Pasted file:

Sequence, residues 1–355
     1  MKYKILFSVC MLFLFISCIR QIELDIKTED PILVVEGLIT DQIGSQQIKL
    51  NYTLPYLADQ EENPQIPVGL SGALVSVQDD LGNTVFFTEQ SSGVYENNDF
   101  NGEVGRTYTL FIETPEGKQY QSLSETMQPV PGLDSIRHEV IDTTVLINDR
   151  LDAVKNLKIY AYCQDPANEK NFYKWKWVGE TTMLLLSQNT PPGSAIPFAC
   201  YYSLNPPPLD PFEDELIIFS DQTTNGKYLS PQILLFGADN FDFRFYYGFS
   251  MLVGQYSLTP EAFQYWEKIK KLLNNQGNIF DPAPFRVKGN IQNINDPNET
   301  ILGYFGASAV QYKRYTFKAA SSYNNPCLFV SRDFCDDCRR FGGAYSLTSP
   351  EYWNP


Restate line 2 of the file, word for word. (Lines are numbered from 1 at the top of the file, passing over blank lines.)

     1  MKYKILFSVC MLFLFISCIR QIELDIKTED PILVVEGLIT DQIGSQQIKL